By Ronda Watson Barber
The rallying cry continues. There has been so much in the news recently about injustices and inequities. Folks are expressing their rights to protest and voicing their opinions. Ours is not a perfect union and as responsible citizens we have the obligation to make it better. Protesting is patriotic. James Baldwin said, “”I love America more than any other country in this world, and, exactly for this reason, I insist on the right to criticize her perpetually.”
Members of the National Football League are taking a knee or locking arms with their teammates during the playing of the national anthem. They are protesting police brutality and the crazy crude comments made by the President about citizens exercising their First Amendment Rights.
Contractors in Cleveland are boycotting the construction of a local Amazon distribution center because they are not included in the project.
Columbus activists are making their voices heard at City Council meetings about recent incidents of misconduct of Columbus police officers and Black residents.
The Columbus NAACP is championing Black businesses and advocating that they are included in construction projects with Franklin County, the Columbus Urban League and Columbus Metropolitan Housing Authority.
How are you making your voice heard? How are you protesting? Are you a member of an advocacy group? Are you a registered voter? Voting is one of the strongest ways to make your voice and opinion heard. Are you satisfied with your present school board and how they are spending your tax dollars or educating the children? Is city council being responsive to your neighborhood? Participating in the voting process can hold elected officials accountable. If they aren’t getting the job done, they shouldn’t hold the position.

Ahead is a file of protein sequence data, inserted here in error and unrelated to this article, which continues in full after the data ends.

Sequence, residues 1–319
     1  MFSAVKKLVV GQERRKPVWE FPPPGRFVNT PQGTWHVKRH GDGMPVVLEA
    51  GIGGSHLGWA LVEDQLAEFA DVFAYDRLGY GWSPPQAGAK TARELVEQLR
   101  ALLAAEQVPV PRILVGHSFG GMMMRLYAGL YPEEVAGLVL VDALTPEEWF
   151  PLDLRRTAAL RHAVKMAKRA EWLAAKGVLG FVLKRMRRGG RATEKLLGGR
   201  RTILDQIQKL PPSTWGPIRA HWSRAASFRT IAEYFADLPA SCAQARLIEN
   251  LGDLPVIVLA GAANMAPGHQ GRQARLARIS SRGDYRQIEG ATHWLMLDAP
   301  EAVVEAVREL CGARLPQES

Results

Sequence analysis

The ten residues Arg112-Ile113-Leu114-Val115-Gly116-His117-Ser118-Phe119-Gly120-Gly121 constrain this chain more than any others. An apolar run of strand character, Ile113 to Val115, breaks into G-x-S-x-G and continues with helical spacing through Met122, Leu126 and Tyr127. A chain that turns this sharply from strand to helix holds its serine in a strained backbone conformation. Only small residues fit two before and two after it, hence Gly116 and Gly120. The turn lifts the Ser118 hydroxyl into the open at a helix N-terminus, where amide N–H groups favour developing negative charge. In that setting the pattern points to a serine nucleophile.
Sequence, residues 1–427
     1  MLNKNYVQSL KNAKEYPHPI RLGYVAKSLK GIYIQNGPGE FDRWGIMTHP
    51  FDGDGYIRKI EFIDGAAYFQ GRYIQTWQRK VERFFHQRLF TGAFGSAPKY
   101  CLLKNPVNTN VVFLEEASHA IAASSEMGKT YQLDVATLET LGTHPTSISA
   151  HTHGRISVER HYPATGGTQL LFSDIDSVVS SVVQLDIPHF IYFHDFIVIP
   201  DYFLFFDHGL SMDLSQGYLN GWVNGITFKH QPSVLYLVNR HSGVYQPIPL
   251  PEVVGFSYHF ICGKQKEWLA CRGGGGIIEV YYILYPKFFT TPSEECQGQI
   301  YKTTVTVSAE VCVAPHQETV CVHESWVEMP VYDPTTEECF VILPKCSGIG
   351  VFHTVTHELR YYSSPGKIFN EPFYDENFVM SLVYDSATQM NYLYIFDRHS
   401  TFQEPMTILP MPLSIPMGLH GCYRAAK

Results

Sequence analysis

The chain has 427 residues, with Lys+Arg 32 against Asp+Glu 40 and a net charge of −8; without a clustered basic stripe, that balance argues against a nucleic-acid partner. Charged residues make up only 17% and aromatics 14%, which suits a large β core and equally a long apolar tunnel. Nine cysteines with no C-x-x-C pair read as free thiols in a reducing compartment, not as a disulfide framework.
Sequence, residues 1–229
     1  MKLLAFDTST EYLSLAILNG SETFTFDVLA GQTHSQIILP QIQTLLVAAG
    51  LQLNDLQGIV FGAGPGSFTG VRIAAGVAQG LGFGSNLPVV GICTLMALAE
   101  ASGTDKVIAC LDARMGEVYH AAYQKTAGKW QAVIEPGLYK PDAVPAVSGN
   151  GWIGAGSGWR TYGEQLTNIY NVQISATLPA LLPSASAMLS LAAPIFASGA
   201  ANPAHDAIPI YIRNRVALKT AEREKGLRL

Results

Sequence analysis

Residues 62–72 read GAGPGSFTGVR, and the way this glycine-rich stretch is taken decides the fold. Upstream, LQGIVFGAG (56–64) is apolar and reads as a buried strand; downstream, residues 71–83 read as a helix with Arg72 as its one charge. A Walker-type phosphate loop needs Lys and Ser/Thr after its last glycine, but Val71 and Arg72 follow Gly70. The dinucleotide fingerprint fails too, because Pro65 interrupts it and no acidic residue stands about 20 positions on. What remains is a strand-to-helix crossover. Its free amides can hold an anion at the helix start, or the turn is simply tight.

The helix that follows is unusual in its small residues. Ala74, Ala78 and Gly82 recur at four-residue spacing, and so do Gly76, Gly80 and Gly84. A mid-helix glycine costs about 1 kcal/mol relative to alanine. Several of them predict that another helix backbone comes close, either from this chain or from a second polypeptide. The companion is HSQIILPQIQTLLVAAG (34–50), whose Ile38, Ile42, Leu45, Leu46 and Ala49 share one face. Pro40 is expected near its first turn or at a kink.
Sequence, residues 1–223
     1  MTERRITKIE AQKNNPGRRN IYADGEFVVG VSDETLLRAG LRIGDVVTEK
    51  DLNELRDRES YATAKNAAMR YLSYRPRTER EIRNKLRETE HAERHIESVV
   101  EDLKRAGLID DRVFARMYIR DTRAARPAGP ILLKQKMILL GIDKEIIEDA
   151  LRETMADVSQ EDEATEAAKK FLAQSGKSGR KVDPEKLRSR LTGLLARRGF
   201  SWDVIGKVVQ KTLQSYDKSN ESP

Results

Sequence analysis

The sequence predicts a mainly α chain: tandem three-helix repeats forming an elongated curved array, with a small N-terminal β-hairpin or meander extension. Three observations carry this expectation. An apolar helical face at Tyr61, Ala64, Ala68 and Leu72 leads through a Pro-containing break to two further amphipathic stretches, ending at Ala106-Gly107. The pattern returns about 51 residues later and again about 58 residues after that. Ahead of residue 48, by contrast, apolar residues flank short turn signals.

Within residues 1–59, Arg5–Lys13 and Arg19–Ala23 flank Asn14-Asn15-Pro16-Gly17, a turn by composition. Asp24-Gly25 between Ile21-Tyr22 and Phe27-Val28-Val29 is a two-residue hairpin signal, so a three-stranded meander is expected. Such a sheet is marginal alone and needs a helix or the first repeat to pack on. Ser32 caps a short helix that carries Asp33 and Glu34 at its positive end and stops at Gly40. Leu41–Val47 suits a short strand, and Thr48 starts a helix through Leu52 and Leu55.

If you are not registered to vote, the deadline is Oct. 10. Voter registration information is available online at
Update: I have surveyed the public entities in Columbus that procure goods and services. I still need clarity on why Columbus City Schools still requires vendors to provide proof of general liability insurance in order to receive bid notices during the vendor registration process. No other public entity has this requirement. Is this mandate a way to keep Black businesses from participating in the district’s purchasing program? I just don’t understand. I have received conflicting information from the Chief Operating Officer, Maurice Oldham. This policy doesn’t make sense to me and doesn’t appear to promote inclusion. Having business insurance is a good business practice but is not a requirement to do business in Ohio.
Just my thoughts…rwb